Date of Award
Campus Access Thesis
Master of Arts (MA)
Sarah A. Hayes-Skelton
The goal of the present study was to investigate how client appraisals of therapist attributes influence the client’s propensity to trust a particular therapist and how client trust in the therapist may impact client retention after a first session of therapy. The proposed model of trust development in the therapist-client relationship may provide insight on how client appraisals of therapist attributes (operationalized as ability, empathy, congruence, level of regard, and unconditionality) influence client trust in their therapist during the first session of therapy. The current study assessed participants for their propensity to trust at baseline and then presented them with a vignette of a multiculturally informed, hypothetical first session of therapy. Role induction was used to prompt participants to imagine themselves as the client in a dialogue with a therapist, who was randomized to either be perceived to be from the same (racial match) or from a different (racial mismatch) racial and ethnic group as the therapist. Participants then completed a survey assessing their attributions of trust in the vignette therapist, based on their appraisals of therapist attributes. The sample consisted of 162 participants (mean age= 20.29) from various racial and ethnic identities. The results indicated that client propensity to trust and appraisals of therapist ability, congruence, empathy, level of regard, and unconditionality were associated with trust development in a hypothetical first session of therapy; however, only therapist ability, empathy, and level of regard uniquely predicted trust development. In addition, the level of regard significantly moderated the relation between client propensity to trust and trust development. Participants’ appraisals of trust development in a therapist-client relationship was associated with expectations of client retention. Lastly, among participants of color, racial match and mismatch significantly moderated the relation between client propensity to trust and trust development in the therapist-client relationship in a hypothetical first session of therapy. Overall, our findings may inform the mechanisms underlying trust development in the therapist-client relationship, which may hold important implications for clients of color, who face an increased risk for psychotherapy dropout. This research may start to address the severe lack of research on therapy retention and engagement for People of Color and, subsequently, empirically supported treatments for these populations.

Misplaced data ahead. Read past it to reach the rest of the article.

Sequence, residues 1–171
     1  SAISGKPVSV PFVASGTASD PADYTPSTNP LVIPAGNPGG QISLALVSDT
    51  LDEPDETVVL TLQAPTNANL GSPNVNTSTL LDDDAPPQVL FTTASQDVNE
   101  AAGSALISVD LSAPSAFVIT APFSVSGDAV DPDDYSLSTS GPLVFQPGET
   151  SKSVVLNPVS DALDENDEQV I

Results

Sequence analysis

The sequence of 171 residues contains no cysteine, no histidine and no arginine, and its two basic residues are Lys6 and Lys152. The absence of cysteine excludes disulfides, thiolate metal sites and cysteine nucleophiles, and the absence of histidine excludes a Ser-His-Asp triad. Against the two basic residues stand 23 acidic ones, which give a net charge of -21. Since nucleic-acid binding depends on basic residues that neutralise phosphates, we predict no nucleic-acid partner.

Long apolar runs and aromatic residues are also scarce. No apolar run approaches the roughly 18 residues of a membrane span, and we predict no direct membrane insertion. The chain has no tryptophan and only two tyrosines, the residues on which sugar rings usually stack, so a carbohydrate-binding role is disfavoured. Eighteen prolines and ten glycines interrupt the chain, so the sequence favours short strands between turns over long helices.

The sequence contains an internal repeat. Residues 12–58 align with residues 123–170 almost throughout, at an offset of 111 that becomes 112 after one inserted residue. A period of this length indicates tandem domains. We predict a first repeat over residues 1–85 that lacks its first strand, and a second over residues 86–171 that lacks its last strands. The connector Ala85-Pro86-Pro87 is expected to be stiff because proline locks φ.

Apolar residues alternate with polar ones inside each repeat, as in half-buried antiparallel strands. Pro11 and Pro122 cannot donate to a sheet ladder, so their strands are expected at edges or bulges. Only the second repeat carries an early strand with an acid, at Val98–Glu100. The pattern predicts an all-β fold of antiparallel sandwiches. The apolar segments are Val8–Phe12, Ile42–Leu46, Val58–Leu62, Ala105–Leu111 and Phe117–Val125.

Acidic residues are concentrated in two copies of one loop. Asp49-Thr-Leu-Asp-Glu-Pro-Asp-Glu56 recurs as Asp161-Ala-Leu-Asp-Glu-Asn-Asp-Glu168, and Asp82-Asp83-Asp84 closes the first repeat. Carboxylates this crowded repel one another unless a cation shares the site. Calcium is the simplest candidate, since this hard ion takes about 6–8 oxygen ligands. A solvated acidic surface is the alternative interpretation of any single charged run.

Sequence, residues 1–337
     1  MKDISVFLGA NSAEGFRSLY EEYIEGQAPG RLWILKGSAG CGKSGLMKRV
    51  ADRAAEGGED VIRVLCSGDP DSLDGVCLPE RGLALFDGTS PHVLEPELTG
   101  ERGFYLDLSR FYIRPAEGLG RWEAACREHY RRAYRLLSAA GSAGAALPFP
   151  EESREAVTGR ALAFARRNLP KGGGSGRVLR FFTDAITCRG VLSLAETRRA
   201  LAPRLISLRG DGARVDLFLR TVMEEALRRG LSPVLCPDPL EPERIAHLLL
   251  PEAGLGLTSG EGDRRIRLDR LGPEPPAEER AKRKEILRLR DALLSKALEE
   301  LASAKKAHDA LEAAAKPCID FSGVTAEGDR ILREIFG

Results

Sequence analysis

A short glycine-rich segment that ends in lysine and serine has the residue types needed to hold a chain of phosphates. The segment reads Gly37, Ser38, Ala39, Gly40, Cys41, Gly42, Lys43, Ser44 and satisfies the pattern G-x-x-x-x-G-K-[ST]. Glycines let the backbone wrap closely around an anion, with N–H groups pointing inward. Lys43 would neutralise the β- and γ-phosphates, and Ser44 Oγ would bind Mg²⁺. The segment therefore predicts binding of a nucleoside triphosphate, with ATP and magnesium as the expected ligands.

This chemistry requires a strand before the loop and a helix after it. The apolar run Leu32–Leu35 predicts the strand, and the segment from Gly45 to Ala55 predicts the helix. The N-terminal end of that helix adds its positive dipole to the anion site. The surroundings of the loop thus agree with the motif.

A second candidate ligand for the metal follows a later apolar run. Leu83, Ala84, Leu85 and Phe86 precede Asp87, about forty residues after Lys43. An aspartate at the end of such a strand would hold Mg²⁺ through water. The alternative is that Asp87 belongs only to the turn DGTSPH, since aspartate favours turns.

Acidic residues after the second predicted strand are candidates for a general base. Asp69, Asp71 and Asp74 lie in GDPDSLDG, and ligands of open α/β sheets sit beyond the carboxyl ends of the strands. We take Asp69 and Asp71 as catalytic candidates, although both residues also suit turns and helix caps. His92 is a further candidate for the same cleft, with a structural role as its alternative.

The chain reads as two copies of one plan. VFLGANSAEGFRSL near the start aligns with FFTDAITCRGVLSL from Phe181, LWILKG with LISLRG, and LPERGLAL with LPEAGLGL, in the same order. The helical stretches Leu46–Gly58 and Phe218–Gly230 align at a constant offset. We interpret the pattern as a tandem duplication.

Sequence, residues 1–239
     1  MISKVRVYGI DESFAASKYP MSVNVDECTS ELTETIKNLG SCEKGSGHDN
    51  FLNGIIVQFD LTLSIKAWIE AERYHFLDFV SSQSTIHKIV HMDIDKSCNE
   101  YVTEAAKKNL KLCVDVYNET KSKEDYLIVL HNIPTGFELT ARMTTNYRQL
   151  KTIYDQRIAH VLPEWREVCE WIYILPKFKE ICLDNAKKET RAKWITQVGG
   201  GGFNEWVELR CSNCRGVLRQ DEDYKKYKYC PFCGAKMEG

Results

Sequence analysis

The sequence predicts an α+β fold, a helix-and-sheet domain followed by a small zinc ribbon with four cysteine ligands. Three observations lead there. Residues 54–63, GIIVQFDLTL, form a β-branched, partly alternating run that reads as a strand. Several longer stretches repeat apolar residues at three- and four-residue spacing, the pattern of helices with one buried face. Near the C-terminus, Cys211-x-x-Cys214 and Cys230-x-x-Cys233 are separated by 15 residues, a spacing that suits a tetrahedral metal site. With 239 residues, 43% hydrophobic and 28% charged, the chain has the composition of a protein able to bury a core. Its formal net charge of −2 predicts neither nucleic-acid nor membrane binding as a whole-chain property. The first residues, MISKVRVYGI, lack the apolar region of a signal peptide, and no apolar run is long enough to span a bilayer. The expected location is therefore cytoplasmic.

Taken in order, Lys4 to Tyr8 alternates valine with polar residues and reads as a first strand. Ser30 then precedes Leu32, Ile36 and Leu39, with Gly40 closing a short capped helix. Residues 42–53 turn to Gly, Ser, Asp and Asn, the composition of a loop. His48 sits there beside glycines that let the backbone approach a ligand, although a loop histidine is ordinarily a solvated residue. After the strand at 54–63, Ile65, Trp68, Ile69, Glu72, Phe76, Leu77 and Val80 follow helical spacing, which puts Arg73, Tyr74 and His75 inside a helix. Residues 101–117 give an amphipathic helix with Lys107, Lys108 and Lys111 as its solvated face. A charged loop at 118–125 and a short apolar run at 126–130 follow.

Alire, Lorraine U., "Appraisals of Trust Development within the Therapist-Client Relationship: Impacts on Client Retention in a Hypothetical First Session of Therapy" (2019). Graduate Masters Theses. 589.